In February of 1819, the poet John Keats had a good gossip session. Writing to his brother and sister-in-law in Kentucky, he related a romantic imbroglio that his friend Benjamin Bailey, a recently ordained curate, had found himself in: women jilted, friendships lost, the whole works. Then, as was his wont, Keats pivoted from bedroom farce to poetic philosophy:
A Man’s life of any worth is a continual allegory—and very few eyes can see the Mystery of his life—a life like the scriptures, figurative—which such people can make out no more than they can the hebrew Bible [sic]. Lord Byron cuts a figure—but he is not figurative—Shakespeare led a life of Allegory; his works are the comments on it—
This passage, casually thrown off at the end of a chit-chatty letter, offers a new way to think about biography, art, and the relation between the two. A life, if lived well, becomes a text to be read; a work of art, if made well, becomes a gloss upon that text. In Keats’s vision, life is an aesthetic, moral, and hermeneutic enterprise. We’re called to make our lives beautiful and instructive—and then, just as crucially, we’re called to interpret the mysteries we’ve lived.
I thought of Keats’s letter when reading Greg Gerke’s brilliant book of essays, See What I See (Zerogram Press, $19.95, 296 pp.). Like Keats, Gerke sees life aesthetically and art existentially. “If some people live vicariously through others,” he writes, “other people live through art.” Gerke has no time for art as sociology or writing as Take Factory. He wants something more, something better: “The overriding ‘aliveness’ of a work of art, how it keeps speaking after time has gone by, is the only thing it owes.” How do we know if a text is alive? To channel one of Gerke’s favorite writers, Wallace Stevens, it must be abstract (that is, it must not simply reflect reality but find a form for it); it must change (of Stevens, Gerke writes, “He goes on, he goes around. A poet, in the guise of a blackbird or river, always moving”); and it must, above all, give pleasure. Gerke loves the late, great William Gass, and his criticism displays a Gass-like attention to language’s sensuousness, its smell and taste and sound. Gerke writes with style, and he demands that others do, too. As he puts it, “If you don’t have music, no-one will listen, or at least they won’t listen very hard.”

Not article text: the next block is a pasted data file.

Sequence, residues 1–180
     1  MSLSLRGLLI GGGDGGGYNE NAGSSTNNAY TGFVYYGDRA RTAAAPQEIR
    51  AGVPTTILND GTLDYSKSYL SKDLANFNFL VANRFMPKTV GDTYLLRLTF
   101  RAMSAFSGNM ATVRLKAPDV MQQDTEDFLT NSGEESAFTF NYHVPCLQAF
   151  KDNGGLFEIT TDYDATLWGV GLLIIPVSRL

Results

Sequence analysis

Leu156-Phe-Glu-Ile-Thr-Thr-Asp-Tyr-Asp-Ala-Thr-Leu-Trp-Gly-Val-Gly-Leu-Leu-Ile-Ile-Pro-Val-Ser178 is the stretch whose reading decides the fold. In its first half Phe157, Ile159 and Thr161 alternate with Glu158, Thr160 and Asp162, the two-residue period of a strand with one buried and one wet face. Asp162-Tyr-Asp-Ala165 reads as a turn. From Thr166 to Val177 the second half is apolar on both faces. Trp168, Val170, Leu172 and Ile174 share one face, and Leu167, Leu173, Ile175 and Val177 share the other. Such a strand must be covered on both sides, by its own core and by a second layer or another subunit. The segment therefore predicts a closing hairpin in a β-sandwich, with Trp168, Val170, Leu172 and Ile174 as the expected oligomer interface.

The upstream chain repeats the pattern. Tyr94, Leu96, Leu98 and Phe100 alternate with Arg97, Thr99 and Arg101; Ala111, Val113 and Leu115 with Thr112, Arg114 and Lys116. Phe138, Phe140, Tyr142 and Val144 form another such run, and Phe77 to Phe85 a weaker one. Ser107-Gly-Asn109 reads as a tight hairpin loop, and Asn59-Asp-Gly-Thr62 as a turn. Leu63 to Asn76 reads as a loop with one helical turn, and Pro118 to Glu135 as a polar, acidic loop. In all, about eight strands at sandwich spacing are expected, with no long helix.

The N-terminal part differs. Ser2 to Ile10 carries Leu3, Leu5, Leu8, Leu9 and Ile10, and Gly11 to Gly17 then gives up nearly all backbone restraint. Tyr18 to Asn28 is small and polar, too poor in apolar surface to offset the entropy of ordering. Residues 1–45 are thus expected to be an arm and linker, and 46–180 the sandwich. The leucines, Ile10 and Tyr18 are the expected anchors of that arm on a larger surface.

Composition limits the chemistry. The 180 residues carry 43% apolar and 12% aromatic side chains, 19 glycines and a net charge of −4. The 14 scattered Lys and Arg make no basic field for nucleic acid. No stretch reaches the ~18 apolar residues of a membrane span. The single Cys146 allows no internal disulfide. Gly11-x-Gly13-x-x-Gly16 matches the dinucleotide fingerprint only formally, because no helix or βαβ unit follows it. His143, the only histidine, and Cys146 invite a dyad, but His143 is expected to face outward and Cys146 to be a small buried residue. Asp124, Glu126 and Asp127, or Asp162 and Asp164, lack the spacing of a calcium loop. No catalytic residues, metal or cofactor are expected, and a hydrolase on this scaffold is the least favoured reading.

Gerke is wary of much writing that goes by the name of criticism. In seeking a quasi-scientific objectivity that is soul-crushing to read and impossible to achieve anyway, such writing forgets why we come to art in the first place: to enable an encounter that might, in some way, change us. In one essay, Gerke describes a post-college friendship with a man ten years older. The pairing was unlikely: “A Catholic Midwesterner and a Jewish New Yorker. Two people who looked like Abbott and Costello together, just with less weight on our bodies.” This friendship emerged from a running conversation about art: the fiction of Paula Fox, the films of Stanley Kubrick, the music of Thelonius Monk. “We’d insert ourselves in the story,” Gerke writes, “even if we didn’t mean to; that is, we did with literature what it can rarely do for young people studying it in school—play life experience both against and within it.” One pleasure to be found in See What I See is this sense of art as something we live against and within. As he writes, “Though it is frozen in time, art makes different appeals to our different ages. Without it, how could I make better sense of what informs my choices?” In a recent essay, the New Yorker’s art critic Peter Schjeldahl described how the privacy of aesthetic encounter leads to the intimacy of conversation: “We look at paintings, which are specific objects in specific places, as individuals, alone. We may then turn, with excitement or anxiety, to others in the hope of having our responses confirmed. Those conversations are the test of any art’s cultural vitality.” Gerke, whether talking about Gertrude Stein or Patrick White, generates interesting critical conversations and so helps keep his beloved texts alive. At one point, he writes, “It is a deep and probably inextinguishable, but elementary, tragedy when you can’t talk about the things you love with the people you love.” But what joy when you can.